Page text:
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Emerging markets growth, convenience push mobile content and commerce

Posted By Stuart Thomas: Senior reporter On November 20, 2012 @ 9:35 am In Mobile | Comments Disabled

mobile money

If you think mobile content and commerce are just buzzwords at the moment, or concepts you should look at for the future, think again. Nearly 90% of mobile users already engage in mobile content and commerce.

That’s up from 82% last year. That growth isn’t about to start slowing down either, especially as people in emerging markets get access to increasingly affordable, sophisticated mobile technology.

According to the latest annual survey conducted by MEF — a global community for mobile content and commerce — around 88% of mobile users now use their devices for research, to purchase products or for banking.

The biggest rises in mobile content and commerce are in growth markets, including Qatar (73% in 2011 to 86% in 2012), India (85 to 90%) and South Africa (89 to 95%). In contrast mature markets such as the UK have remained static at 91% for 2011 and 2012.

That’s hardly surprising when you consider other estimates which suggest that Africa will spend US$18.5-billion on data [1] by 2016, and that mobile money on the continent is still growing [2].

While more people in both emerging and mature markets are buying things using their mobile devices, they still tend to be digital purchases. That is however changing. In 2012, 54% bought digital products, as was the case in 2011. But 31% purchased physical items in 2012 up from 24% in 2011.

Even if we aren’t actually buying things on our mobile devices, they’re still changing the way we shop. According to MEF 80% of people now use their phone to research, up from 58% in 2011.

When we do make mobile purchases, whether physical or digital, we’re increasingly using our credit cards instead of network billing. Around 27% of those surveyed used a card for m-commerce, against just 14% making payments via the phone bill (not including purchasing airtime).

A side effect of this rush into the mobile space is that more niche players have had an opportunity to make a name for themselves, giving the space more of a high street and less of a mega mall kind of feel. Big brands are starting to move into the space though as they begin to recognise its importance.

Given the increasing number of banking apps out there, it’s hardly surprising that more and more people are also banking using their mobile devices. Around 64% of people now use their devices to conduct mobile banking (up from 57% in 2011).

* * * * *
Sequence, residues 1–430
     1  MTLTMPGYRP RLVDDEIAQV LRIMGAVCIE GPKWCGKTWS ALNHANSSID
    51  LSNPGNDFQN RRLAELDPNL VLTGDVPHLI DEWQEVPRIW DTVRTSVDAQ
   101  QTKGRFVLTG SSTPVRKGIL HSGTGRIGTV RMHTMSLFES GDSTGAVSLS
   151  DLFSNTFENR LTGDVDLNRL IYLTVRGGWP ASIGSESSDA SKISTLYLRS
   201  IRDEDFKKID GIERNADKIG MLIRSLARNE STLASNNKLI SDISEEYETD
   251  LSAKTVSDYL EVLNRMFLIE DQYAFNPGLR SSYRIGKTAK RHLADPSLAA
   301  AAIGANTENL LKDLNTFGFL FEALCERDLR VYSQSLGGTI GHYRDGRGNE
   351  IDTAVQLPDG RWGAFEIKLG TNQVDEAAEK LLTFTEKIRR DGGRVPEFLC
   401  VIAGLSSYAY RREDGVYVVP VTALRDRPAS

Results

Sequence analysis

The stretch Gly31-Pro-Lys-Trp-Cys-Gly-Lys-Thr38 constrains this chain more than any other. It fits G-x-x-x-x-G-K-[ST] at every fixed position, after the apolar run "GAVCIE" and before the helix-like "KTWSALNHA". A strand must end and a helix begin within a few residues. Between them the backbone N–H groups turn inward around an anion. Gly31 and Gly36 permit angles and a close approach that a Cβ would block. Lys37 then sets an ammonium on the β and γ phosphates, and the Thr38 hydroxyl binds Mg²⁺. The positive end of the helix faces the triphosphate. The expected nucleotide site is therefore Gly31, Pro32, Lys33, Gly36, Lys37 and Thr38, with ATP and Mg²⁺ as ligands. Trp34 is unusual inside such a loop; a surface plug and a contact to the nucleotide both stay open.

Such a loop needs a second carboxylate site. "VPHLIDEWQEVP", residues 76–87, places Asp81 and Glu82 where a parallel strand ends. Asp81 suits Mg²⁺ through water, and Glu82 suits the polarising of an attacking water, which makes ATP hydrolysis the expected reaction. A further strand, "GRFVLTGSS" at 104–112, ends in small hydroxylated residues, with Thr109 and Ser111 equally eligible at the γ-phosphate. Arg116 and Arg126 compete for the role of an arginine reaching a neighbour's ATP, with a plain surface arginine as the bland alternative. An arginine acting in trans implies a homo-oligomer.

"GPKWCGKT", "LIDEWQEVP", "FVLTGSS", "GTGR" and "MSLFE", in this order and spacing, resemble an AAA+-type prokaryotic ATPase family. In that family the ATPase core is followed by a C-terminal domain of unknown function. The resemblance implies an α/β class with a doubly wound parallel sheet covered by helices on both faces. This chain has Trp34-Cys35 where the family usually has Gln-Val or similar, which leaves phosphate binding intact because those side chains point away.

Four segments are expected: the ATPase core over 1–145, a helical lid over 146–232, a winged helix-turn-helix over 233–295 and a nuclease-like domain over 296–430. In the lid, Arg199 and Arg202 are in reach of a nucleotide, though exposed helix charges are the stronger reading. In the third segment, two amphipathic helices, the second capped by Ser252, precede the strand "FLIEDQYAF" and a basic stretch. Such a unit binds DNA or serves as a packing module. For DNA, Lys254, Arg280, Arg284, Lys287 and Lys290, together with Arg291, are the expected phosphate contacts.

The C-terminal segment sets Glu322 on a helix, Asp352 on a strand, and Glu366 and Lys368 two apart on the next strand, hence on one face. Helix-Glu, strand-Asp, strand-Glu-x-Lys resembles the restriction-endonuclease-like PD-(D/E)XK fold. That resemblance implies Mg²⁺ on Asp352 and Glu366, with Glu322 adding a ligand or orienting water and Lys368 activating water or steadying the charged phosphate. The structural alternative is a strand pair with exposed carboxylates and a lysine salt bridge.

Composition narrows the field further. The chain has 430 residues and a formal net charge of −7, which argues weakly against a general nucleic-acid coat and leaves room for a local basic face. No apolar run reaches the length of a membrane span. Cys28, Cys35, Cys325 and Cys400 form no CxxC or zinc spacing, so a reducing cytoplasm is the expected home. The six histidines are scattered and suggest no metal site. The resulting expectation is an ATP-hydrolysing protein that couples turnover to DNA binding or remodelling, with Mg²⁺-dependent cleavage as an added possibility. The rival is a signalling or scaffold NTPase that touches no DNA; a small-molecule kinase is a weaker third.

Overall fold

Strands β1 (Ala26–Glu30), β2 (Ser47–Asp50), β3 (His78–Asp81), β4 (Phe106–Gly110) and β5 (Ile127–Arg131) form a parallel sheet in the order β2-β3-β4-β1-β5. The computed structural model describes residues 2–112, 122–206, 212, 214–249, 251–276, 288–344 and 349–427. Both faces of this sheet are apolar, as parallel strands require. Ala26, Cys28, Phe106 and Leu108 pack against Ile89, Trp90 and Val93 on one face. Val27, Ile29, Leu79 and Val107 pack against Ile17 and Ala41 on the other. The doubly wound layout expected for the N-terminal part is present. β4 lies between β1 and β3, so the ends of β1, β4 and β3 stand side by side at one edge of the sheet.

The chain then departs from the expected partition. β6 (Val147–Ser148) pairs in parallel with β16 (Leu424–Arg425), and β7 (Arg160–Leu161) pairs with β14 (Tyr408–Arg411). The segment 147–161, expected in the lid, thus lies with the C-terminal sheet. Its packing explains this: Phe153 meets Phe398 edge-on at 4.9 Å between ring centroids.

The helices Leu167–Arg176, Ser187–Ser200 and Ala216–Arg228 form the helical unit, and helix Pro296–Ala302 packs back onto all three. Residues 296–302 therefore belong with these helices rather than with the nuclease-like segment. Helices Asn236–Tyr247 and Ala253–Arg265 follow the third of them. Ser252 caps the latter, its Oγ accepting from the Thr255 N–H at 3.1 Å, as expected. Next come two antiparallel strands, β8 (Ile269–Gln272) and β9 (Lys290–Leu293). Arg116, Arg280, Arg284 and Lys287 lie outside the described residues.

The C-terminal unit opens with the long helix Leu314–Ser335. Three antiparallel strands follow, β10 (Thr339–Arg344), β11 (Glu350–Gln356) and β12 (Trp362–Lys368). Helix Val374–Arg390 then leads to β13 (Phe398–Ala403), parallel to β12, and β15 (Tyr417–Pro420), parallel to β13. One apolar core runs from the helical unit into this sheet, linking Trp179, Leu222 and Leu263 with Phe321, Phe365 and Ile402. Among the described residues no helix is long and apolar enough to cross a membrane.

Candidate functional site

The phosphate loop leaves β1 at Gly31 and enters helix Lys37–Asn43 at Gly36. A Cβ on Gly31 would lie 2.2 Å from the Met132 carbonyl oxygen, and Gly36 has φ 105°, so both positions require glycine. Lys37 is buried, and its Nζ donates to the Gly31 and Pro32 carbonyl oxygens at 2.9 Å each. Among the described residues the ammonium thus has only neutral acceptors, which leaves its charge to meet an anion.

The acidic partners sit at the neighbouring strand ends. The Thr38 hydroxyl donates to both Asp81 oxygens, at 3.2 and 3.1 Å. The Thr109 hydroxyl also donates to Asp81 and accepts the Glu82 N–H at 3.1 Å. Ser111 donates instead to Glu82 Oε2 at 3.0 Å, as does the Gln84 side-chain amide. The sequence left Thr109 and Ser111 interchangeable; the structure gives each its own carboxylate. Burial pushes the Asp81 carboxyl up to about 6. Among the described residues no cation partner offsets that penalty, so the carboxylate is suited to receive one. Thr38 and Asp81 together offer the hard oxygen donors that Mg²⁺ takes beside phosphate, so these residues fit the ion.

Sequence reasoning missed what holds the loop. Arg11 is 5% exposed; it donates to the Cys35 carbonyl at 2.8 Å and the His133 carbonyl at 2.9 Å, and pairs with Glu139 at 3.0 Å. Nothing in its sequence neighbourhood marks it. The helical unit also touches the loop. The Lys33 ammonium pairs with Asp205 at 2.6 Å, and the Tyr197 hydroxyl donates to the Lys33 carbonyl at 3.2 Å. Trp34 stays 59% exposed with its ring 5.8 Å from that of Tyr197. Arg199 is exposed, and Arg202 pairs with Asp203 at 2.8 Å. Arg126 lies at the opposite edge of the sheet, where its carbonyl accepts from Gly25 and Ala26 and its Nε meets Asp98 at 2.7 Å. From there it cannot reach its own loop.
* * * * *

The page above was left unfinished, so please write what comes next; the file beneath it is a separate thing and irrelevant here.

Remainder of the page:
According to Andrew Bud, Global Chair MEF, a large part of the reason that people are using their mobile devices for content and commerce is convenience:

MEF’s 2012 report shows how far mobile has come as a channel for both consumer engagement and entertainment. Across the world, mobile content and commerce is increasingly the most convenient way to discover, to choose and to buy. The data has profound implications for brands, retailers and financial institutions, as well as the content and entertainment industry. We cannot be complacent: the report also reveals that trust is still a significant barrier for consumers and the industry must collaboratively address that to sustain growth.

The stats bear him out too. At 26%, convenience is the number one reason people in the survey gave for engaging in mobile commerce. Trust is however also important with 13% citing ‘from a brand I know and trust’ as a key reason for purchasing via mobile. Thirty-five per cent of respondents meanwhile admit that concerns around trust are acting as a barrier to purchasing more from a phone.

Reasons for purchase

The study was conducted with 9 500 respondents globally via On-Device Research.


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URL to article: http://memeburn.com/2012/11/emerging-markets-growth-convenience-push-mobile-content-consumption-commerce/

URLs in this post:

[1] spend US$18.5-billion on data: http://memeburn.com/2012/11/africa-to-spend-18-5bn-on-mobile-data-by-2016/

[2] is still growing: http://memeburn.com/2012/11/the-trend-continues-mobile-money-services-keep-growing-in-africa/

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